The sun is in an ideal environment. It is a single star—most stars exist in multiple-star systems. A planet in such a system would suffer extreme temperature variations. The sun’s position in our spiral Milky Way Galaxy is also ideal. Its orbit is fairly circular, meaning that it won’t go too near the inner galaxy where supernovae, extremely energetic star explosions, are more common.2 It also orbits almost parallel to the galactic plane—otherwise, crossing this plane would be very disruptive.2 Furthermore, the sun is at an ideal distance from the galactic centre, called the co-rotation radius. Only here does a star’s orbital speed match that of the spiral arms—otherwise the sun would cross the arms too often and be exposed to supernovae.


Actually like i said before, our sun is not an ideal star for life, it is a type GV star, aka a Yellow Dwarf, yellow dwarfs are not perfect for life because3 of their rather short main sequence, They only fuse hydrogen for 10 billion years, an ideal star for life, would be a Orange dwarf, as they stay main sequence fo9r far longer, 10 - 30 billion years, life on a planet orbiting a orange dwarf, has longer to evolve and advance before its star sweels into a red giant and consumes the planet, so no the sun is not a truly ideal star for life, as our star only has 1 billion years to go before it killls off life here.

Our sun is a powerful object, often throwing out flares, and every few years (usually around sunspot maximum—Sunspots, Galileo and heliocentrism), more violent ejections called coronal mass ejections (see photo, left). They cause huge electric currents in earth’s upper atmosphere and disrupt power grids and satellites. In 1989, one disabled a power grid in northern Quebec. But the sun turns out to be an ‘exceptionally stable’3 star. Three astronomers recently studied single stars of the same size, brightness and composition of the sun. Almost all of them erupt about once a century in superflares 100 to 100 million times more powerful than the one that blacked out Quebec. If the sun were to erupt in such a superflare, it would destroy earth’s ozone layer, with catastrophic results for life.4

A nearby supernova could kill all life on earth with the radation it would bombard the planet with.

Evolutionists and Naturalists like to push the Nebular hypothesis, the Big Bang model, and other theories as facts that prove that the universe came to existence through natural and sometimes catastrophic processes. These things aren't fact.

The nebuar hypothesis and expically the big bang model, have ample evidence to support them, the big bang has many many mountains of evidence to back it up, your creationist crap, has none. Creationism never happened. Besides it's already been proved that the earth is billions of years old, thats been proved, So there is no unproving it.
6717 cr points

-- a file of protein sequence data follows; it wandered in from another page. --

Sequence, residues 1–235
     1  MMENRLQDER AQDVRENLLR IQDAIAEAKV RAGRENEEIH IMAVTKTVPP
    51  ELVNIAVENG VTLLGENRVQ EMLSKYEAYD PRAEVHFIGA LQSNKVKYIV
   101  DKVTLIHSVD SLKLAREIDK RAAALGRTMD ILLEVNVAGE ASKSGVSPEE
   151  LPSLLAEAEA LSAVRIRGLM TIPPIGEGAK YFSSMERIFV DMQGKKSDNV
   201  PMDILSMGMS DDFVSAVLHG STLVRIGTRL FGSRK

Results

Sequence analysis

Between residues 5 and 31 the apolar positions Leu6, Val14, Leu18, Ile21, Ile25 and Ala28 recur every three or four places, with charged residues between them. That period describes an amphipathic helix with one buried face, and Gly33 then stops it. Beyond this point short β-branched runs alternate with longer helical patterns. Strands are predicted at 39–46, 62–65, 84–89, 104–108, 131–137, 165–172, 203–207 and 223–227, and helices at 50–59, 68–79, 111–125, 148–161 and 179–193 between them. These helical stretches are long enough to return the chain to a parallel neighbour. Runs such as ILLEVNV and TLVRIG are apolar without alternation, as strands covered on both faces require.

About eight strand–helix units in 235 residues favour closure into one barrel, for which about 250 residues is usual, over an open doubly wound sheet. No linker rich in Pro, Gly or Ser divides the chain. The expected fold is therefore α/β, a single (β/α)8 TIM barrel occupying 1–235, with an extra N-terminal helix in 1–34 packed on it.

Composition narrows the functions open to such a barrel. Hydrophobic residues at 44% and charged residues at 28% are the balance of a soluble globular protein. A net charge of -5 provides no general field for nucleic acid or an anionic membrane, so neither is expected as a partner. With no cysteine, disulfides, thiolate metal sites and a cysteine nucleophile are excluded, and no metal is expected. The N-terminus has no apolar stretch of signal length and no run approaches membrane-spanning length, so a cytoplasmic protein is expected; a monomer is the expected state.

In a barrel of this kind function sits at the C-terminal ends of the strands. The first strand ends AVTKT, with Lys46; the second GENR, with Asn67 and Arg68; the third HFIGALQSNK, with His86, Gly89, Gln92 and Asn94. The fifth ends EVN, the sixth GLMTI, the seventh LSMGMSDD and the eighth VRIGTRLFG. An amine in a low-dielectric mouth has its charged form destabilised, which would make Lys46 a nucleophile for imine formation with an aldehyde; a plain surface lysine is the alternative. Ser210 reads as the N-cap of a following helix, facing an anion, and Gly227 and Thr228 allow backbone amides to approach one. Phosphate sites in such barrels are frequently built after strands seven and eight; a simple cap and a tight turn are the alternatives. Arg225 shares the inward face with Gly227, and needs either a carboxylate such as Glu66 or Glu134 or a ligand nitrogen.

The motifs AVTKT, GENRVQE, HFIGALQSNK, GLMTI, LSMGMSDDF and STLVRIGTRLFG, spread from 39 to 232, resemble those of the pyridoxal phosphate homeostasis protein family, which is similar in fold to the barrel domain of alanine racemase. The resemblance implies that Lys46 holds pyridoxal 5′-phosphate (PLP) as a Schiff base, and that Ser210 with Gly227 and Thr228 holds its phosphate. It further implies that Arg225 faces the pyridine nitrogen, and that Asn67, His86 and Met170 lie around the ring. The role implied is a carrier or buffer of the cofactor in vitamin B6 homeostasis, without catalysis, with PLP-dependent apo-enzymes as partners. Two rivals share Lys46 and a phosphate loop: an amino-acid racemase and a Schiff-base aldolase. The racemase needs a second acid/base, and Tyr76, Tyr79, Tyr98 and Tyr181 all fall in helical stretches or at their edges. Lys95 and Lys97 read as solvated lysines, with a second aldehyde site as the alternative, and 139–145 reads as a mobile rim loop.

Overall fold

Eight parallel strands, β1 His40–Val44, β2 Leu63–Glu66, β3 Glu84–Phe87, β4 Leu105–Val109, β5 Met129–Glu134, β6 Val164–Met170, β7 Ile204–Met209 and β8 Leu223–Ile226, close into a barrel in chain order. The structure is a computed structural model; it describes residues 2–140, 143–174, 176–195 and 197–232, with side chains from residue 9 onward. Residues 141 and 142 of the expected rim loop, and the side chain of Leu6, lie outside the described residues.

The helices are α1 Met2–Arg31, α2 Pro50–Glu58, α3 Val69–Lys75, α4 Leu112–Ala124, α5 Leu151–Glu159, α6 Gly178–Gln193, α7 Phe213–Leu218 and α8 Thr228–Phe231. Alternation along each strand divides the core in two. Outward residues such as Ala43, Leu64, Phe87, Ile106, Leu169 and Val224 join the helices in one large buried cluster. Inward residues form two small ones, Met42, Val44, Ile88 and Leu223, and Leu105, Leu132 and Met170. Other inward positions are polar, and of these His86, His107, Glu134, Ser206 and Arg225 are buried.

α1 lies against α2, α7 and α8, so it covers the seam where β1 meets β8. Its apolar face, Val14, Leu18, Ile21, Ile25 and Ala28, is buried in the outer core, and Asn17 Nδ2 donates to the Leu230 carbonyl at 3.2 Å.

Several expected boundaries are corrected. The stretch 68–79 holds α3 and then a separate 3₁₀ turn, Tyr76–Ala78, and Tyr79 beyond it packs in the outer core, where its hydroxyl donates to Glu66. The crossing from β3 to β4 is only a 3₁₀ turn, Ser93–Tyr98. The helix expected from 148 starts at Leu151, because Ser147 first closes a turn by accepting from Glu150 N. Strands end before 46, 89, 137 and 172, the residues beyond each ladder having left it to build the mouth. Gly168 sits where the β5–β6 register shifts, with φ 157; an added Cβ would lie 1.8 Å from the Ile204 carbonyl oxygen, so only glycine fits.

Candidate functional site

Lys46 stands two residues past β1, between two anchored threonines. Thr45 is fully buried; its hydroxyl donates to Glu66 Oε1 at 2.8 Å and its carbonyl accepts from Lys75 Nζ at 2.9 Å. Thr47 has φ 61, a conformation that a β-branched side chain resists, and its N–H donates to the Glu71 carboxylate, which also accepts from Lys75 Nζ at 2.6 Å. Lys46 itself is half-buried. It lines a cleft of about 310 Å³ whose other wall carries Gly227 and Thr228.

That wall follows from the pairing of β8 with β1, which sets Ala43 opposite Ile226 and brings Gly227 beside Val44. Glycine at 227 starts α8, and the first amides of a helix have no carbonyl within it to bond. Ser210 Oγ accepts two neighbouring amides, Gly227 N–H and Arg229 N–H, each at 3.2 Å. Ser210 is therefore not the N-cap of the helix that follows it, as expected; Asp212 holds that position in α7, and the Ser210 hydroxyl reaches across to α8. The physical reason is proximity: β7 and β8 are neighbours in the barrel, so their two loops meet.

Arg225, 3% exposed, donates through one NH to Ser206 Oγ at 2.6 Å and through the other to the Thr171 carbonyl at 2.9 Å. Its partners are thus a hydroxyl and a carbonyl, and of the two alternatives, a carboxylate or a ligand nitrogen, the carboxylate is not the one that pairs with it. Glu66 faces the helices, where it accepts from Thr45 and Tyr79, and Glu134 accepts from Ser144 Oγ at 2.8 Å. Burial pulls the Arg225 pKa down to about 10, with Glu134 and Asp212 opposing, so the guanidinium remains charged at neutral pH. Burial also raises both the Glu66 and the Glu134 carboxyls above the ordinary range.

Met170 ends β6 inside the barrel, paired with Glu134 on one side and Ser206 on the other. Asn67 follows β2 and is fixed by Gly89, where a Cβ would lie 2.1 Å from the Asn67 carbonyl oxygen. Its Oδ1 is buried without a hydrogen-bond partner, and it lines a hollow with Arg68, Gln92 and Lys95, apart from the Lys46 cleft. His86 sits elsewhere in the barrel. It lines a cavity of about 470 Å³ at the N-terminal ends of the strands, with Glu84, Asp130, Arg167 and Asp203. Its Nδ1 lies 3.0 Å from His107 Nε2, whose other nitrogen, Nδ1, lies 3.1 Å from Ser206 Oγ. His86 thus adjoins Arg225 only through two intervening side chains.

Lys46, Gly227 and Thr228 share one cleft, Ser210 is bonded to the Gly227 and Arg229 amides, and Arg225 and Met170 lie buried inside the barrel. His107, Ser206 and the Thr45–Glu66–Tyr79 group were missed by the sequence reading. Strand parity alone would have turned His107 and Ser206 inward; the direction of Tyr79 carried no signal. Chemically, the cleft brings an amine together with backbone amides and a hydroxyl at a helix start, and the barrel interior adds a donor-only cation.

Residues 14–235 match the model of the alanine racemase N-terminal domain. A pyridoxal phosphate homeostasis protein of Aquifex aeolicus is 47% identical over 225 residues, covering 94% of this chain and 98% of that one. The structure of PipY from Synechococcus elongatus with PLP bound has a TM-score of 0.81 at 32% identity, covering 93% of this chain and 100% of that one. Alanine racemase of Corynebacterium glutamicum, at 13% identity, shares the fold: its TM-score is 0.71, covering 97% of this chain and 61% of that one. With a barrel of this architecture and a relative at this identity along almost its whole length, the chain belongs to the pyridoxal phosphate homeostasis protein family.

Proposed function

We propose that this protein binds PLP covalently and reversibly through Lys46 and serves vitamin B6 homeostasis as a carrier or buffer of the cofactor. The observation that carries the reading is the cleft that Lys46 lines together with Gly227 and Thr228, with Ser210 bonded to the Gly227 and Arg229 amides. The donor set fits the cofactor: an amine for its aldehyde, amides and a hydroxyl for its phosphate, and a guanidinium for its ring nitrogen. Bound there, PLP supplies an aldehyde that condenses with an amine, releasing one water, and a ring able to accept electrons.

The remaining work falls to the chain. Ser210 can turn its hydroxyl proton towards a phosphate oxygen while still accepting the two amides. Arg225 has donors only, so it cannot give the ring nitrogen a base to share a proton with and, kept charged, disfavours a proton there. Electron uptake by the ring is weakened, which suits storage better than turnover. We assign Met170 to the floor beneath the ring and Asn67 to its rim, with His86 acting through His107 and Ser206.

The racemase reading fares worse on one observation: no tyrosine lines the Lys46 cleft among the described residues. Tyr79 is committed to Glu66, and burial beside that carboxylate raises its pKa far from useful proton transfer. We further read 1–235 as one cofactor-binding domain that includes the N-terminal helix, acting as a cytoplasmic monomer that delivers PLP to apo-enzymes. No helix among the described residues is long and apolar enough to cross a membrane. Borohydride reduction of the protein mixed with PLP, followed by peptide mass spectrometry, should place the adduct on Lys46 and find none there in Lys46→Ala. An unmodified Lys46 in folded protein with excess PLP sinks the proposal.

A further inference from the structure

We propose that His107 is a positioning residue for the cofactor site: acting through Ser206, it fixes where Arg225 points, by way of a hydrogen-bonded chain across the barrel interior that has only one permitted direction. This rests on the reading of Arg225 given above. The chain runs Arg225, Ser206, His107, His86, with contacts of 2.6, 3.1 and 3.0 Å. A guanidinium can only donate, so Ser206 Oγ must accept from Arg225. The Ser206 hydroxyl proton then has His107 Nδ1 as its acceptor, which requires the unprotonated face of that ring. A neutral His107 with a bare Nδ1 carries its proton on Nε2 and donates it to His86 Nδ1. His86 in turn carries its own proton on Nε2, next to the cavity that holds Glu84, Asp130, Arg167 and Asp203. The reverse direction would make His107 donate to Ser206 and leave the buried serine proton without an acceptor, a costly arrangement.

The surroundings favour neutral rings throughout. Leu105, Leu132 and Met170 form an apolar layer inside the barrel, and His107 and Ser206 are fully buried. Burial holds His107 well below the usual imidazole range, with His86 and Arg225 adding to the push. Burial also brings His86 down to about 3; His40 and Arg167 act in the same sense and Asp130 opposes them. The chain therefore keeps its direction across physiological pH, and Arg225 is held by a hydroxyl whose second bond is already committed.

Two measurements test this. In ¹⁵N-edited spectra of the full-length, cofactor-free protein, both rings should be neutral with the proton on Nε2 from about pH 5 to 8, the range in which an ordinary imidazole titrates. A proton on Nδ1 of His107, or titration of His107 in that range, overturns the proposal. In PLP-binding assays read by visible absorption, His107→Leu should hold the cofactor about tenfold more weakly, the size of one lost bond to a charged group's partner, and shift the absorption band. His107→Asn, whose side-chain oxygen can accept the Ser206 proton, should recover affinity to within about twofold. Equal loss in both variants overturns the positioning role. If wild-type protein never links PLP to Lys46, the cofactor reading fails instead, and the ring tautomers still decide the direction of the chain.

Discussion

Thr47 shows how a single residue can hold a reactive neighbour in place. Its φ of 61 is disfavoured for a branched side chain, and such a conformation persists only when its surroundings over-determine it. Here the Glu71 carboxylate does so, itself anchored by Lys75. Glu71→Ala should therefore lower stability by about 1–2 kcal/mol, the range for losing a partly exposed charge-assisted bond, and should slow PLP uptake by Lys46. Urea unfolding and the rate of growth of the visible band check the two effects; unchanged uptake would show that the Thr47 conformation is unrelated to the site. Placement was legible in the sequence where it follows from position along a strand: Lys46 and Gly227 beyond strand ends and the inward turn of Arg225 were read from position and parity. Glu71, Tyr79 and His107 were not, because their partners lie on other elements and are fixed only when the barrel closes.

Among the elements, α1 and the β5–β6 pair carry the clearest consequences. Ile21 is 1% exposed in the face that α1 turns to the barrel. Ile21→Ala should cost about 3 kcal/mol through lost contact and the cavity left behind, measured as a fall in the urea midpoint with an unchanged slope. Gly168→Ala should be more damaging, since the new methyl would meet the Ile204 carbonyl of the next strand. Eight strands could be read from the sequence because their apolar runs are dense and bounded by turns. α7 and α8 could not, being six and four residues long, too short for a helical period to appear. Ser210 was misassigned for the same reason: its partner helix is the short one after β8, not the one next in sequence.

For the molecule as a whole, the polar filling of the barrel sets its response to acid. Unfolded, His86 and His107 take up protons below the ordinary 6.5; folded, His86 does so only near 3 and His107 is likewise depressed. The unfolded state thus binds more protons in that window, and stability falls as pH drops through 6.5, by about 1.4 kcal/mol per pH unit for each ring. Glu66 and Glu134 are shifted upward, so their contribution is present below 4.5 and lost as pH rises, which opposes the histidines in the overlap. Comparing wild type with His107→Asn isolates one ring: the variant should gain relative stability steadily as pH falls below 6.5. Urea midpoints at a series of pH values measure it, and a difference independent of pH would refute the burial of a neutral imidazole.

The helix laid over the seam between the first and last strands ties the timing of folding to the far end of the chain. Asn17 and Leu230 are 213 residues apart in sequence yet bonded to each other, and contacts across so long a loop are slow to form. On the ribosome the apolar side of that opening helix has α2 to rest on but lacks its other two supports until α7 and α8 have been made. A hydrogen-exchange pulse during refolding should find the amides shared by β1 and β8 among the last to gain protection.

Send Message: Send PM GB Post
M / Earth
Offline
Posted 6/5/09 , edited 6/5/09
"God creating everything in 7 days" is a myth.
10652 cr points
Send Message: Send PM GB Post
18 / F / Indonesia Raya
Offline
Posted 6/5/09
How do you that's a myth?
1114 cr points
Send Message: Send PM GB Post
21 / M / Canda
Offline
Posted 6/8/09
This is what a galaxy looks like. Our sun, doesnt even measure up to a pixel

only a mere little GALAXY!!! and our sun isnt even a pixel in the photo

our solar system is near the edge
do you think that if god made this galaxy, he would make the edge first??
it would make more sense to create the inner, more larger stars first

Answer : God created the other things in the world because he wanted us to discover the creation of the universe and enjoy it. Also according to Genesis, God created Humans last. Why did he do this? He created humans last because, he loved us and wants to give us everything in the world to enjoy.

These are SOME of our solar system's planets
the distance inbetween the planets can not be shown
because if it were shown, you would not be able to see earth AT ALL

we are on the 3rd planet closest to the sun
do you think that if god made this solar system, he would make 3rd planet first??
would it not make sense if he made the sun first

Answer: ( same answere as the one above)

Now imagine the size of our solar system
if a earth was a tennis ball
our solar system would be the size of a small country

Now Imagine the size of our galaxy
it takes light over 12000years to travel the diameter of our galaxy
(this means the galaxy is over 12000years old for us to beable to see light from the stars)

Answer: And what does this have to do with anything?

Now knowing how large and enormous one galaxy is
know that it has been calculated that there are over 500 BILLION GLAXIES in the universe
if there was a god, he would have long forgotten us, because we are so insignificant, that we have no impact on the continual changes and progess of the galaxy or our universe
We can never effect our galaxy or the universe, we mean nothing
We do not need to be created by someone, because that someone would have needed to be created

Answer: God has not forgotten us, because he is ommnipresence (which means that he exists out of time and space, and can be anywhere at anytime, lets say there was another planet just like us, god would still remember both of us, because he is in 2 different places in the same time). According to Pascals wager that who created god. ( look at this http://www.rationalresponders.com/forum/the_rational_response_squad_radio_show/the_rational_response_squad/11897 It takes too long for me to explain here)

Finaly, imagine how many planets there are
and how many can support life
what are the other planets?? failed projects to build a habitat??
NO they are not, if there are billions of planets, atleast one of them would be able to support life

Answer: Look above my answer is the same thing

But sorry sir i have to say this, but your argument is proven wrong...

55381 cr points